TECH TOOLS FOR PROJECT-BASED LEARNING

Here are some tech tools to facilitate the management of project-based learning in your classroom. Click on each title to visit the tool's website. More tools will be added as time goes on.

Formative Assessment and Instructional Tools

Flipgrid

Flipgrid is a free tool that educators can use to have their students record and respond with videos. Educators can create assignments, discussion questions, and other tasks and students can record their video response. Classmates and the teacher can view the responses, creating a collaborative community. This is a great way to give and receive feedback, collaborate, and formatively assess students’ understanding. The website has lots of great ideas and information about how to use this tool.

Ideas on ways to use Flipgrid:

https://www.edutopia.org/article/9-new-ways-use-flipgrid-classroom

Padlet

Padlet is an online board for notecards. Educators can create a padlet, and students post their thoughts on the board; classmates can also comment on others’ posts. This can be used for a virtual Gallery Walk, formative assessment, and project brainstorming.

Insert Learning

Insert Learning is a Google Chrome Extension that allows teachers to scaffold learning as their students engage in independent research and inquiry.

Google Keep

Google Keep is a tool for project management, collaboration, and note-taking. Teachers can use this tool to see how students are using feedback and to scaffold instruction. Teams can use Google Keep to share resources, set up to do lists, and comment on project work. Read about lots of ways to use Google Keep during a project here (you will need to set up a free account with pblworks to access the article).

Seesaw

Teachers can create activities and announcements for their students. Students can upload their work, complete assignments, and respond to teacher questions. Teachers can give feedback to students either in writing or by voice recording.

Parlay

Parlay is a tool that can be used to facilitate rich class discussions, either synchronously or asynchronously. Teachers can post discussion prompts, give feedback to students, and analyze discussion data. Students can respond to the teacher and each other.

Nearpod

Teachers can design lessons and presentations using various media in real-time or for students to view on their own timeline. Students' responses to assignments can be used in formative assessment.

Kaizena

Kaizena is a tool for giving feedback to students. This can be in the form of a voice recording or text; this can be incorportated in Google docs as well. Teachers can leave audio and text minilessons to embed in comments, and use automated rubrics provided on the site.

Peer Feedback

 

Peergrade

This is a free, on-line platform built for facilitating peer feedback. Students download their work and then are randomly assigned a classmates’ work to give feedback anonymously. Teachers can upload the assignment and evaluation criteria/rubric for students to use.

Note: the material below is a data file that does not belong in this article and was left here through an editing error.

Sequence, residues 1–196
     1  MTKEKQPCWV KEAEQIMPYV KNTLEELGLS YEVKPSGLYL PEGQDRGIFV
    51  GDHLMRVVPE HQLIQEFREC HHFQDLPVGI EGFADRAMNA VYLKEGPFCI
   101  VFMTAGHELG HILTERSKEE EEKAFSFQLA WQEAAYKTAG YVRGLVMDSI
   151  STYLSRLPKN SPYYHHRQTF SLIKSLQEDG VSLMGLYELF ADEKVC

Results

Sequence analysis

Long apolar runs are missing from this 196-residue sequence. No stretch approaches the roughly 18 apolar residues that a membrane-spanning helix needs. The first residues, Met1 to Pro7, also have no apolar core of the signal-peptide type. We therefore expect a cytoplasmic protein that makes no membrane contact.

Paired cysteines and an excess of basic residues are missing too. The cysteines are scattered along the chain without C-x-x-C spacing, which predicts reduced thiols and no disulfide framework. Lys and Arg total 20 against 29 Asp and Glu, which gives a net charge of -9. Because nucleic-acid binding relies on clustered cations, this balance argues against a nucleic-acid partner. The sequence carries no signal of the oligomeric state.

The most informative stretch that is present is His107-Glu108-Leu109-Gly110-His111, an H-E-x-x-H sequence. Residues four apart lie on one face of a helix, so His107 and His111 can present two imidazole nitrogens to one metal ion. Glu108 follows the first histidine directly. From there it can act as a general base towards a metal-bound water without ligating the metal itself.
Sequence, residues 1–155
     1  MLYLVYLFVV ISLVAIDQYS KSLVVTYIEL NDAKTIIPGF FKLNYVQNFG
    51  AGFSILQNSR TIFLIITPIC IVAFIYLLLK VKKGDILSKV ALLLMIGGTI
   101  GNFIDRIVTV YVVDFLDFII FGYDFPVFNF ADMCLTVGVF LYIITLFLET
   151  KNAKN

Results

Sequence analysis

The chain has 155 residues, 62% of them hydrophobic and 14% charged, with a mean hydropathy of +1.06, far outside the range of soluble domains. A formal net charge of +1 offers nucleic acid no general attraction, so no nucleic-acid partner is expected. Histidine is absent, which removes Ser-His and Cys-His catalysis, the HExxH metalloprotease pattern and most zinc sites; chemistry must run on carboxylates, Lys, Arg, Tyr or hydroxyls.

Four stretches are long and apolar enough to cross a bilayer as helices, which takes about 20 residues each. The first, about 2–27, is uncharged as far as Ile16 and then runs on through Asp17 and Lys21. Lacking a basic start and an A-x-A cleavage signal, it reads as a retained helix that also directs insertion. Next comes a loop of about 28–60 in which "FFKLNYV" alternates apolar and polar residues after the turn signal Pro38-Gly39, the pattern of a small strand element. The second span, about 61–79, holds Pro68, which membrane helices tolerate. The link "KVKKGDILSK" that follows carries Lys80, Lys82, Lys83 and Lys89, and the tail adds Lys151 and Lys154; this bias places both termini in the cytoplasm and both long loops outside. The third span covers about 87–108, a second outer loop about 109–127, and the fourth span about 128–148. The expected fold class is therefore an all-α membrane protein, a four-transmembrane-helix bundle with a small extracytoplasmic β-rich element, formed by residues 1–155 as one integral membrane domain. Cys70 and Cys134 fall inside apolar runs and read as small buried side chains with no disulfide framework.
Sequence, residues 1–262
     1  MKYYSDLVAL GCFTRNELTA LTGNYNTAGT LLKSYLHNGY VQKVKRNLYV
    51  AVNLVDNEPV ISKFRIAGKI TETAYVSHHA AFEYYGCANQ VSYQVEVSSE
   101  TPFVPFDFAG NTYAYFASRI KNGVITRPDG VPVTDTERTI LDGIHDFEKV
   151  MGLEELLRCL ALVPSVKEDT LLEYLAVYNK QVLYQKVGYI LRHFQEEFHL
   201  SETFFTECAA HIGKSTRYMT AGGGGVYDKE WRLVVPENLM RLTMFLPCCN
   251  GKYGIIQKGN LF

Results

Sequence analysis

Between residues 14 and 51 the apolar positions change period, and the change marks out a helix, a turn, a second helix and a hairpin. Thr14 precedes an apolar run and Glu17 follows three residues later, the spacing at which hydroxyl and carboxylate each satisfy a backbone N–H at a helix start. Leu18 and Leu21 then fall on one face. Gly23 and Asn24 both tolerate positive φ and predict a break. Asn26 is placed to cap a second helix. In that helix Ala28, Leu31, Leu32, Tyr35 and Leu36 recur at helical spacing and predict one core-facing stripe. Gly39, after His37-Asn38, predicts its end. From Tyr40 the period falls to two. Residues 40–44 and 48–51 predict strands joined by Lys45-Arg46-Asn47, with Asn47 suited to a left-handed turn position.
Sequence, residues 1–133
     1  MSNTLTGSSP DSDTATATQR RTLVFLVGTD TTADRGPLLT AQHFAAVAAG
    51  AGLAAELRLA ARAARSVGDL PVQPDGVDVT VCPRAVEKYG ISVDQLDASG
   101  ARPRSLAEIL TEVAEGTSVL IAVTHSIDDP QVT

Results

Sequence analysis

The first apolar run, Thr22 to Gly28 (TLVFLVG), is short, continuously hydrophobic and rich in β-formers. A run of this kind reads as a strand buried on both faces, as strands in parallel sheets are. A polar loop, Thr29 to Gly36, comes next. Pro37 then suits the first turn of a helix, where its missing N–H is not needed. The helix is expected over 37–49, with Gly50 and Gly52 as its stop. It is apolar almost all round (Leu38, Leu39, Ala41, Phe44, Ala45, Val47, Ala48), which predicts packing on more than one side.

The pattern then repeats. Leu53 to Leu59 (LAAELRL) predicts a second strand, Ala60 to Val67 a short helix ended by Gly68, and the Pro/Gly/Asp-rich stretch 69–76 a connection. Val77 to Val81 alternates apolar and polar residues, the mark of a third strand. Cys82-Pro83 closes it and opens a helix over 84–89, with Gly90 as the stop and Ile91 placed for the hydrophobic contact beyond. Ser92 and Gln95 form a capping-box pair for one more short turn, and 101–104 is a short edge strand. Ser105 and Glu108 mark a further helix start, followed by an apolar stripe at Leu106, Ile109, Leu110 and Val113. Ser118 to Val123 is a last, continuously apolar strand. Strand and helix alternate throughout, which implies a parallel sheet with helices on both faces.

Flipgrid

(see description in "Formative Assessment")

Padlet

(see description in "Formative Assessment")

writeabout

Give your students an authentic audience for their writing. Students can post their work and get (and also give) feedback from (and to) their peers.

KidBlog

This provides another authentic audience for student work. Students can post blog posts and receive feedback from classmates and students around the world. Teachers maintain control of how the information is shared to ensure privacy.

Collaboration/Project Management

Trello

This is a great tool for project management, and it also supports collaboration. Teams of students can create boards, lists, and cards to keep track of assignments and due dates, assign tasks to teammates, create to-do lists, communicate with each other, and upload documents.

Google Keep

Google Keep is a tool for project management, collaboration, and note-taking. Teachers can use this tool to see how students are using feedback and to scaffold instruction. Teams can use Google Keep to share resources, set up to do lists, and comment on project work. Read about lots of ways to use Google Keep during a project here (you will need to set up a free account with pblworks to access the article).

Google docs

Many schools are already using the Google suite of tools. Teams of students can share documents to collaborate, and can also add comments to their work, providing feedback to each other.

diigo

This is a way for teams to keep track of their research and resources. Collaborators can bookmark, annotate, collect, organize, and share their sources here.

Other Tools

iNaturalist

iNaturalist was developed by the California Academy of Sciences and National Geographic and is a database of observations in nature. Users can take photos of their observations in the natural world, and then receive suggestions to aid in identifying what they see. They can also assist others by joining projects in their area. Some photos might also be added to collections created by scientist, thereby helping them to study biodiversity in the world.

Nepris

Why are we learning this? Connect your students in virtual meetings with industry professionals, watch videos made by those professionals, take industry tours, and help your students research career possibilities on this site.

Spreaker

A podcast creation tool.

 
 
 
 

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